On the initiative of the Socialists and Democrats, the European Parliament is set to adopt today a resolution calling on Turkey to immediately release Selahattin Demirtaş, the former co-chair of the People’s Democratic Party (HDP) of Turkey, who has been in arbitrary detention since November 2016.
Demirtaş has been detained for more than four years on unsubstantiated terrorism-
S&D vice-president responsible for foreign affairs Kati Piri MEP said:
“Selahattin Demirtaş, the former People's Democratic Party co-chair and a tireless voice against Erdogan’s authoritarianism, has been in pre-trial detention for more than 1,500 days on completely bogus charges. He has been ripped away from his family and friends for over four years now.
“The ruling of the Grand Chamber of the European Court of Human Rights, which ordered his immediate release on 22 December, came as a surprise to absolutely no one: Demirtaş’ detention is based on solely political motives.
“As a member of the Council of Europe, Turkey is obliged to ensure the prompt implementation of this ruling. Instead of releasing him, Turkey slapped an additional political indictment on Demirtaş and 107 others just days later.
“It is time we start to apply pressure that Erdogan understands. The Turkish foreign minister’s visit to Brussels tomorrow is useless if there is only talk and no action from the side of the authorities. With political prisoners like Demirtaş and Osman Kavala in jail, there can be no improvement in relations.
“The S&D Group expects all EU capitals to be vocal. The HDP party represents 6 million people in Turkey. Their leaders, their MPs, their mayors and their activists have all been thrown in jail. It is high time the European Union spoke up for the rights of Turkey’s citizens.”
The Group of the Progressive Alliance of Socialists and Democrats (the S&D Group) is the second largest political group in the European Parliament with 145 members from 25 EU member states
Free Sinem Tezyapar!
Sinem Tezyapar (pictured) is in jail in Istanbul. She was sentenced by a kangaroo court in Turkey on flawed evidence to 867 years in prison for allegedly belonging to a religious sect organised by Adnan Oktar. She has been imprisoned for her religious beliefs and because she is an intelligent and articulate woman with strong opinions and beliefs. She was an executive producer on Turkish Television. She was an inter-faith manager a religious commentator and a peace activist, writes James Wilson.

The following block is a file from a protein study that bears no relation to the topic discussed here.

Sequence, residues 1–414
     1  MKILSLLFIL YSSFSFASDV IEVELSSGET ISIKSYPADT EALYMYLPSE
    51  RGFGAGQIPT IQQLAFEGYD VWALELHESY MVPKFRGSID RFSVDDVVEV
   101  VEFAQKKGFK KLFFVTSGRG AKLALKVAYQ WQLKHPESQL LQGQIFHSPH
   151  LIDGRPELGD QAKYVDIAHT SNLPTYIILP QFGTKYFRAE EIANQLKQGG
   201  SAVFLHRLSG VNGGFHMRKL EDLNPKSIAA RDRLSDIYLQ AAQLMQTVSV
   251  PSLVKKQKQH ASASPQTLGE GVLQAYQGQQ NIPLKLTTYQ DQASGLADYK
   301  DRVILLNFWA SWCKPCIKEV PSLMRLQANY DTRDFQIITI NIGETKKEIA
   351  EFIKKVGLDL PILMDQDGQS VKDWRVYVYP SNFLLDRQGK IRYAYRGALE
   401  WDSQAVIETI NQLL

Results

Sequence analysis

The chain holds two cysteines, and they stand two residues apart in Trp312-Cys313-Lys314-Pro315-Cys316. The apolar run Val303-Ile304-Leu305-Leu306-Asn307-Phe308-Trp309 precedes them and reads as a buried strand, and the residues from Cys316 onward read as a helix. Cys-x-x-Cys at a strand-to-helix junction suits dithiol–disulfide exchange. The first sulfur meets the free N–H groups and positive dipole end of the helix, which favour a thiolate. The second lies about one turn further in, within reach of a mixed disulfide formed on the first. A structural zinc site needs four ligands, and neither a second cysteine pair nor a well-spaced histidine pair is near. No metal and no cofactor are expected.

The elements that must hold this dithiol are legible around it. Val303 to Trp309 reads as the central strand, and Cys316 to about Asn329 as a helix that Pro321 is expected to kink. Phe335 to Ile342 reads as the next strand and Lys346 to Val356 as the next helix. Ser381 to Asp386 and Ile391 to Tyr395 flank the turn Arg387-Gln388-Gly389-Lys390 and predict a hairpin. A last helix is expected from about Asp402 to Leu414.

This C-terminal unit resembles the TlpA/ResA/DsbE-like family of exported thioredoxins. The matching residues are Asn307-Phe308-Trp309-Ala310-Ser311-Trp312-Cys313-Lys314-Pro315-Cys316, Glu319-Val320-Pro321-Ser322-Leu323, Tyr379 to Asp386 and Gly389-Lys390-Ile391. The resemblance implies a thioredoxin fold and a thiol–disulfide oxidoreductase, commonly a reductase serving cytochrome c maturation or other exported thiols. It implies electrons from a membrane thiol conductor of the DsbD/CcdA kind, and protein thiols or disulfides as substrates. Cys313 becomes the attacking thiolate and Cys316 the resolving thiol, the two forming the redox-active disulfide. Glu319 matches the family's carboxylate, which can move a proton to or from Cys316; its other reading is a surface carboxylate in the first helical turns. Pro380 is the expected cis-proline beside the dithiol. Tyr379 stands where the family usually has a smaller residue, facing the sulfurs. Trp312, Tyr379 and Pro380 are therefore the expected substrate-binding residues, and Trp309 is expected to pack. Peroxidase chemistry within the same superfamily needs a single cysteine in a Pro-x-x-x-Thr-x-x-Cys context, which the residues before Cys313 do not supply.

As a Muslim woman from Turkey, who believes in a better and more peaceful world, she had the audacity to try to develop a conversation with the people of Israel, and to publish comment on the relations between the islamic world and Israel with which the Erdogan Government disagreed.
She was the author of an opinion editorial entitled, “When will the Muslims Stop Blaming their Problems on the Jews?” She wrote the piece after Iran blamed a deadly earthquake in September 2013 on Israel. In it she writes, “Whenever a calamity falls upon Muslim majority countries, there is always a country to blame: Israel.”
She is the victim of a gross miscarriage of justice which contravenes all of the values and principles of individual religious freedom that we hold dear.
I appeal to the European Parliament and to the institutions of the European Union to examine in detail the case of Sinem Tezyapar and to urge Turkey’s President Erdogan to set her free.
Turkish Stream extended to the Balkans
While the passions around the Nord Stream-2 are not subsiding, and Washington is looking for new ways to stop the project, Russia has launched the second part of the Turkish Stream (TurkStream) in the Southern Balkans. Thus, this large-scale project takes its final shape, writes Alex Ivanov, Moscow correspondent.
On 1 January, Serbian President Aleksandar Vucic launched the Serbian section of the Turkish Stream - an interconnector gas pipeline that expanded the Serbian national gas transportation system.
In the new year, 2021, Serbia joined a number of Balkan countries that use one of the main Russian energy resources, overcame dependence on Ukrainian gas transit and ensured energy stability.
“The number of European countries that receive Russian gas with the help of Turkish Stream has grown to six. Now, along with Bulgaria, Greece, Northern Macedonia and Romania, Serbia, Bosnia and Herzegovina have provided themselves with such an opportunity, said Alexey Miller, Chairman of the Gazprom Management Board. From Russia, gas is supplied via the Turkish Stream offshore gas pipeline to Turkey, from there to Bulgaria, and through the national gas transportation system of Bulgaria, it enters Serbia and Bosnia and Herzegovina.